His career strikingly illustrates the control a Venetian doge could have over policy in spite of the constitutional and procedural devices for keeping him powerless. When in 1423 Doge Tommaso Mocenigo lay dying, Venice had already won the greater part of its terraferma empire, from the Veronese to Friuli. In a fervent speech Mocenigo pleaded that he should be succeeded by a man of peace. Of Foscari, one of the likely candidates, he warned 'if you make him doge, which God forbid, you will shortly be at war; and whoever has 10,000 ducats, will find himself with only 1000.' Though at 49 he was almost uniquely young to be considered, Foscari was elected.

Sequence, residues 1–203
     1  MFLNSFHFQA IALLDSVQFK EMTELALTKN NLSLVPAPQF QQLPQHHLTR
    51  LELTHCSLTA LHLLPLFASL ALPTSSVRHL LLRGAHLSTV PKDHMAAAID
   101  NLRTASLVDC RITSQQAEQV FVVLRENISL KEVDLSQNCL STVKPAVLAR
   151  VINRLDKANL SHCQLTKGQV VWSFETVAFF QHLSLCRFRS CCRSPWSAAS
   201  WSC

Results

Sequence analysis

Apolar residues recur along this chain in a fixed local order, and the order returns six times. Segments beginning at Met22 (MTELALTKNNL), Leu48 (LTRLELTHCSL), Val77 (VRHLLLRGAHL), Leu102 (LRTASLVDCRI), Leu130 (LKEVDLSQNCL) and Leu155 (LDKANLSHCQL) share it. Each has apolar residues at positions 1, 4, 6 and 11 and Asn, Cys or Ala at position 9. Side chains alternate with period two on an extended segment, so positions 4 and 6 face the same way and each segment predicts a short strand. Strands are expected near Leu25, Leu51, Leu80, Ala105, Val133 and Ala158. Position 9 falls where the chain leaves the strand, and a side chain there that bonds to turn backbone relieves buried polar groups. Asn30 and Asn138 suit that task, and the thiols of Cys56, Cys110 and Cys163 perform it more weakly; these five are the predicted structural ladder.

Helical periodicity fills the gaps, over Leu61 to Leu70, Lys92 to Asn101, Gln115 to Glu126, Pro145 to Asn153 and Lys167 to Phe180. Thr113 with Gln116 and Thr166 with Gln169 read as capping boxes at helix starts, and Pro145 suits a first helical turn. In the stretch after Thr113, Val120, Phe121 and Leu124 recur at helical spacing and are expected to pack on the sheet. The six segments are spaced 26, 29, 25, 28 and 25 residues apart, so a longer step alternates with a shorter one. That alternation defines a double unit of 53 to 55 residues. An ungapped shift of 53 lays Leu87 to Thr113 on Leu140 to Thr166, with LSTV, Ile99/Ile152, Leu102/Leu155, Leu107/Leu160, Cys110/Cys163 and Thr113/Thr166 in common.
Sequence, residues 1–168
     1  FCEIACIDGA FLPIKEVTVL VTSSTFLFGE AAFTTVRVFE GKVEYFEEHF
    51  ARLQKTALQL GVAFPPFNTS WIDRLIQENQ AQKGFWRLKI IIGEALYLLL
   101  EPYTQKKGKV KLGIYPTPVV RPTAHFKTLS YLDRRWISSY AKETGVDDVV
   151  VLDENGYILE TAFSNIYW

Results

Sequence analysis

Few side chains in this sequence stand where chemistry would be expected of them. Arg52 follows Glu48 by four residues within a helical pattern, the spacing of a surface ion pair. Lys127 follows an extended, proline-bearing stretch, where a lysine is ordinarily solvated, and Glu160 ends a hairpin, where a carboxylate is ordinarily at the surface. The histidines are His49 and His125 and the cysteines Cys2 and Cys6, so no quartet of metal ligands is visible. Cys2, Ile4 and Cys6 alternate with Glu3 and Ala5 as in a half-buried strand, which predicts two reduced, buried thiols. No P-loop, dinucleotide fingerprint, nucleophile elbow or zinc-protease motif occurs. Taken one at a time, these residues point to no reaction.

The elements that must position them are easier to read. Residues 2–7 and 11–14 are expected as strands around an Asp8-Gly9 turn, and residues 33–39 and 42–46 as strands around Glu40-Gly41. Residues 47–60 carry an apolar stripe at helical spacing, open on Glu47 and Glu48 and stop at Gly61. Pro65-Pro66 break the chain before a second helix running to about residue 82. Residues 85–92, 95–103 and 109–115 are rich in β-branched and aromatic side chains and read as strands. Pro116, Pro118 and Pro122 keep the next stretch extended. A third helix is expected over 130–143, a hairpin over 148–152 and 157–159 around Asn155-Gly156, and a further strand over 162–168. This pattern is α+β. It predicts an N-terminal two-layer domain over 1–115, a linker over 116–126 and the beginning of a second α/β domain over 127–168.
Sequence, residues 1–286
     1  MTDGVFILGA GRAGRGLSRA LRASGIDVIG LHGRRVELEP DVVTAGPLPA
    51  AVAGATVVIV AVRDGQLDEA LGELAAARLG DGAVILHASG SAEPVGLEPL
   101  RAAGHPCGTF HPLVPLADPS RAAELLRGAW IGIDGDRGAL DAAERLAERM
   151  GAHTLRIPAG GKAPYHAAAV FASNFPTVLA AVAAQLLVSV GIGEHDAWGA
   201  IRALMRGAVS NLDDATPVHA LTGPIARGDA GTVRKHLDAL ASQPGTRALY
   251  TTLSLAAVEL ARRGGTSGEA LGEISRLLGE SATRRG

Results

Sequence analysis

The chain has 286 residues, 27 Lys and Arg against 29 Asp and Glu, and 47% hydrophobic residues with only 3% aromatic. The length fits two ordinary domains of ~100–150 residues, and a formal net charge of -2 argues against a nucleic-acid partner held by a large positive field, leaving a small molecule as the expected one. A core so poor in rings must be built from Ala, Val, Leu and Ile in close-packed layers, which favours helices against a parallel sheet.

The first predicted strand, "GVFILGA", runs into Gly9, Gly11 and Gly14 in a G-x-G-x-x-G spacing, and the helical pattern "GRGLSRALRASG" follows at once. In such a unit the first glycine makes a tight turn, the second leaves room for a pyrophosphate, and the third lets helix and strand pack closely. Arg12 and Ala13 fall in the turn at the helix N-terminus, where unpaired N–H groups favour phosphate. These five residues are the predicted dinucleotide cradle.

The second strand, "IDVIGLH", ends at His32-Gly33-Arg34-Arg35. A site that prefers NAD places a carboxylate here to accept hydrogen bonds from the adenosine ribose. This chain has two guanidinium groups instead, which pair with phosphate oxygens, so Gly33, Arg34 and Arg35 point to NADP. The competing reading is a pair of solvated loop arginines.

War in 1425-28 gave Venice Bergamo and Brescia, but further wars resulted against the Visconti (143I-33 and 1435-41) which cost so much that the Republic's defences were neglected at a time of increasing Turkish expansion. When the Turks defeated a Hungarian army at Varna in 1444 Venice, having alienated the Italian states through the persistence of its aggressive policy in Italy, was disturbingly vulnerable throughout the whole length of its sea empire. This realization, plus the heavy cost of war taxation, at last slowed the momentum of Foscari's militarism. His last years were harried by outspoken criticism and darkened by the repeatedly criminous actions of his son Jacopo (the chief theme in Byron's tragedy of 1820, 'The two Foscari'. Such was the extent of his physical and mental decline that he was formally deposed. His death followed shortly after this unprecedented action. During the period of gloom that followed the loss of the terraferma 50 years later in 1509, the cause of the disaster was seen as the man who, neglecting the sage advice of Mocenigo, had forced his countrymen to exalt the land above the sea: Foscari.
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